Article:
1 out of every 20 children ages 3 to 5 has a vision problem that could result in permanent vision loss if left untreated, according to Consumer Health Digest, which encourages parents to schedule regular eye exams for children. Early detection is the key, so make a child’s vision health a priority. When a child is unable to recover from vision loss, MAB may be able to help.
Students with visual impairments and blindness are just like any other child because they have typical struggles, but for these students, it’s easy to be left out. They need support to build their confidence and to advocate for themselves – the fight is always there. There are endless needs on how to navigate their surroundings, socialize with their peer group, assimilate to various situations, and participate in their own lives.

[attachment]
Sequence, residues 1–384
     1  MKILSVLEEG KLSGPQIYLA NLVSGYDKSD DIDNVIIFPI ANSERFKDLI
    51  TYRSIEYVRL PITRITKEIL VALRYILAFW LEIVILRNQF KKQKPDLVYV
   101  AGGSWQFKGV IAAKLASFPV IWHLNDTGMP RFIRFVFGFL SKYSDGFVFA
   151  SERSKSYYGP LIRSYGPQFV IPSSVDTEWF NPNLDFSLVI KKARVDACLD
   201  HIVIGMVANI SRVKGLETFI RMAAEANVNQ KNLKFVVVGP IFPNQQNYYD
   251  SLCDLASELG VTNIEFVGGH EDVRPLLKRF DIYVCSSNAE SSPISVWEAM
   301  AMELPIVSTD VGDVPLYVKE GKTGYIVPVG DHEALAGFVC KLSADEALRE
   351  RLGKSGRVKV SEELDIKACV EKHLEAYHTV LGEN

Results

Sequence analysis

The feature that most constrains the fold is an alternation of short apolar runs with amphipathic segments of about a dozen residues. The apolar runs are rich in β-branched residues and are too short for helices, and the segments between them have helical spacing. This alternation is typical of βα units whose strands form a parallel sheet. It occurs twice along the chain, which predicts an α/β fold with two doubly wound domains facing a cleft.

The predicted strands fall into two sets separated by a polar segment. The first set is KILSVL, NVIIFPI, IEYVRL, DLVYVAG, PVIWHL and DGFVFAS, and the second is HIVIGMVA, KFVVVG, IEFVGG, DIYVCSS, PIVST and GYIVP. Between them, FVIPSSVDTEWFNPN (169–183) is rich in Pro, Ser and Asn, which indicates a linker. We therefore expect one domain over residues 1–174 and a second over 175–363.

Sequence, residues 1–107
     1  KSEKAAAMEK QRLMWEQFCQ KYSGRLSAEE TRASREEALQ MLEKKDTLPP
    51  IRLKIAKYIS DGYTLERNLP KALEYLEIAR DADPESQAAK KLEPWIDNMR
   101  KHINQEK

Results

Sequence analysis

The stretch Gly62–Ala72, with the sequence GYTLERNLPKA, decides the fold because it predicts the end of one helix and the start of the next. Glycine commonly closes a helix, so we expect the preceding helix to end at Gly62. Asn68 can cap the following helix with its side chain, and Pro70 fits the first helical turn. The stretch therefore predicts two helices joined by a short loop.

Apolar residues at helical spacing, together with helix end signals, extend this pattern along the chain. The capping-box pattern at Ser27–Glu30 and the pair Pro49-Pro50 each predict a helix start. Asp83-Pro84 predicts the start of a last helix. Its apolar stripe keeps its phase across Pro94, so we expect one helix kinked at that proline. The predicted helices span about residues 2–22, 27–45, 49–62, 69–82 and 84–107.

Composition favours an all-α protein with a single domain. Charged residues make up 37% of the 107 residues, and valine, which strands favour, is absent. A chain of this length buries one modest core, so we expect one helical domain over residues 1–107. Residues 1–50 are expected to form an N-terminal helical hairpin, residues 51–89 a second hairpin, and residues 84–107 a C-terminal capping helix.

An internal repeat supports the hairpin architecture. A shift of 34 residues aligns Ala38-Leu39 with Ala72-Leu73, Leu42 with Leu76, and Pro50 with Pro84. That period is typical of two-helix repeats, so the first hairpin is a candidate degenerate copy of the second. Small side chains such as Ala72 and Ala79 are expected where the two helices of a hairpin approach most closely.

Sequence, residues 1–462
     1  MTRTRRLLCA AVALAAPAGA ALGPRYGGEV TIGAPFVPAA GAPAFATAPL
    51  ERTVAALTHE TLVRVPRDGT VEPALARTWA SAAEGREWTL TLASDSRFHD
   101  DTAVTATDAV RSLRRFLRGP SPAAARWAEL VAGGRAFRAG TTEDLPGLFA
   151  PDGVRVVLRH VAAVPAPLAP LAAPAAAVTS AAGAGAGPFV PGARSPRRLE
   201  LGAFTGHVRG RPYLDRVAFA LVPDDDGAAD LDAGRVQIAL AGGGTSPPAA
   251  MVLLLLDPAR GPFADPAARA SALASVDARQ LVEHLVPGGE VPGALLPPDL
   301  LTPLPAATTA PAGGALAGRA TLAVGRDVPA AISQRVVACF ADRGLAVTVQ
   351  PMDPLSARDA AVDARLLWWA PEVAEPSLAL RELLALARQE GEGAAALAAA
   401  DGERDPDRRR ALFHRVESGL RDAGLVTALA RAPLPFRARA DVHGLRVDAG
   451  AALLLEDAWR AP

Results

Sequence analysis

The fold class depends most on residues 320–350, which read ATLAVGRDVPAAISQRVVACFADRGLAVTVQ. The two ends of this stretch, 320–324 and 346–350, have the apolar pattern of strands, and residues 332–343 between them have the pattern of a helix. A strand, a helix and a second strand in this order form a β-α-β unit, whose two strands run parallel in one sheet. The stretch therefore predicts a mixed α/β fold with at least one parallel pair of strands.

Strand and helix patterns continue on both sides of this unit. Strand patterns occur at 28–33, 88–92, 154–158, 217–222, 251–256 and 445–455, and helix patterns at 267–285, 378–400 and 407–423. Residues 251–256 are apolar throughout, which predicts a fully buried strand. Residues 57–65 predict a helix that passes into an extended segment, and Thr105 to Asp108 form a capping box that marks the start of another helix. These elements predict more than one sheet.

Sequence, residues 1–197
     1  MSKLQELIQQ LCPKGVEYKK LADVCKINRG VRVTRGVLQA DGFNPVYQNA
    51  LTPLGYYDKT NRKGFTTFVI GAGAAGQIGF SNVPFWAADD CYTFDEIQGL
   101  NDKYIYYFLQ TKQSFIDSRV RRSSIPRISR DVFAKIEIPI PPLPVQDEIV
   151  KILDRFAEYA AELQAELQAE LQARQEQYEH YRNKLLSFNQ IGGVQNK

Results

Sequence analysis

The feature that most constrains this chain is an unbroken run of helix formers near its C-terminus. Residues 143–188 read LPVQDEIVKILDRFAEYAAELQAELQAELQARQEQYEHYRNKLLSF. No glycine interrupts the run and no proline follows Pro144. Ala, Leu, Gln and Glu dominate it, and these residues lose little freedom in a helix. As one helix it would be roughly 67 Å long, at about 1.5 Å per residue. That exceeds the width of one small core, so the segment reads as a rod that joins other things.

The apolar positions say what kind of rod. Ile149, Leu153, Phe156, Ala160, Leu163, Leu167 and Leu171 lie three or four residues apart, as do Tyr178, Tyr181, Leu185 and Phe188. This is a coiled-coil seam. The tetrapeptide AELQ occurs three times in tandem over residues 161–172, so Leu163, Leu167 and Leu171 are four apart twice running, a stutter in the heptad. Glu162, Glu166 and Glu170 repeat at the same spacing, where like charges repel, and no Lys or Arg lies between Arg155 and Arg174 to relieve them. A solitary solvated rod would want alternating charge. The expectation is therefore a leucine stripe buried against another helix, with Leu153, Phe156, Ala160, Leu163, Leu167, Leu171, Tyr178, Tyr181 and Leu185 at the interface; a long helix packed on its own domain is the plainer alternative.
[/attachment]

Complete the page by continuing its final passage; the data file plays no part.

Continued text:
MAB’s certified orientation and mobility specialist, Ian Smith, is part of a team that fights for the kids. While teachers, parents, and families are involved in the decision-making, Ian says that kids must have a voice in the decision. Ian has worked for MAB for nearly 25 years, teaching children independent life skills and spending his days with children, from pre-school through high school graduation, who are visually impaired or blind. “When I work with a three-year-old, I am thinking about an 18-year-old, in other words, where is that child going to be in 15 years? We are always preparing for the next step”, says Ian, “and our goal is for every child to be independent.”